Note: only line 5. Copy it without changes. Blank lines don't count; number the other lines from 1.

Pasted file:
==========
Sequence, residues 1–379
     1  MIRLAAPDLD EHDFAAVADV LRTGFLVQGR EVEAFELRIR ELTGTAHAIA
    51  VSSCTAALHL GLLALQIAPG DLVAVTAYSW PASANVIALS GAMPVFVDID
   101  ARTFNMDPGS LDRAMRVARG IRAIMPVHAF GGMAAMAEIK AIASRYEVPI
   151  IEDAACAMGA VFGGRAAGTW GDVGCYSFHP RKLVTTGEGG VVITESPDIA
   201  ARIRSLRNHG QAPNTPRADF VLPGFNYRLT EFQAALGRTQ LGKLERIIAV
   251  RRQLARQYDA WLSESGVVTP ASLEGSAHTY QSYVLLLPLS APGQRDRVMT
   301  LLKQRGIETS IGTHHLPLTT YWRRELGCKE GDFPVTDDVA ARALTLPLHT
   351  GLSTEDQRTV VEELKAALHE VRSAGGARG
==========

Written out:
   151  IEDAACAMGA VFGGRAAGTW GDVGCYSFHP RKLVTTGEGG VVITESPDIA